Maternal nutritional status during pregnancy and infant immune response to routine childhood vaccinations


To systematically review the association between maternal nutritional status in pregnancy and infant immune response to childhood vaccines. We reviewed literature on maternal nutrition during pregnancy, fetal immune system and vaccines and possible relationships. Thereafter, we undertook a systematic review of the literature of maternal nutritional status and infant vaccine response, extracted relevant information, assessed quality of the nine papers identified and present findings in a narrative format. From limited evidence of average quality, intrauterine nutrition deficiency could lead to functional deficit in the infant’s immune function; child vaccine response may thus be negatively affected by maternal malnutrition. Response to childhood vaccination may be associated with fetal and early life environment; evaluation of programs should take this into account.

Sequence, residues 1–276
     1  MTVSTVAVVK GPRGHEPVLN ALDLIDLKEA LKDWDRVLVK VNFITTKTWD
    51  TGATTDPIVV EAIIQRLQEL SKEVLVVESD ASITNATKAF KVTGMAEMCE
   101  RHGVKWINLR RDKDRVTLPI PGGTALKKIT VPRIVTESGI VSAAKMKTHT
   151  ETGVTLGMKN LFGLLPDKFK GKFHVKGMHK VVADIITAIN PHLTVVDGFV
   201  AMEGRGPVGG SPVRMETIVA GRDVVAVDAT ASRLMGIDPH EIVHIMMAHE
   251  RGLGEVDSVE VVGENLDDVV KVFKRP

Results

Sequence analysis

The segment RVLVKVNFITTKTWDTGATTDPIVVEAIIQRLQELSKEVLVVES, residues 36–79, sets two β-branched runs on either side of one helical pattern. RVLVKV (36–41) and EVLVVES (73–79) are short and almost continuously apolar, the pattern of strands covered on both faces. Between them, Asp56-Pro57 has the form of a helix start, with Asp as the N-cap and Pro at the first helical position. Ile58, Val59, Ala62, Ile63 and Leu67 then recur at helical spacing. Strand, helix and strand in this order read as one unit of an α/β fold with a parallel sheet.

Routine childhood vaccination prevents many child deaths and has contributed substantially to improvements in survival up until, at least, the age of 5 years [1]. However, routine childhood vaccination programs do not reach all children [2], and concern has been expressed that even where children receive vaccines, some may not be fully protected and may still be at risk of infectious disease [3–6].

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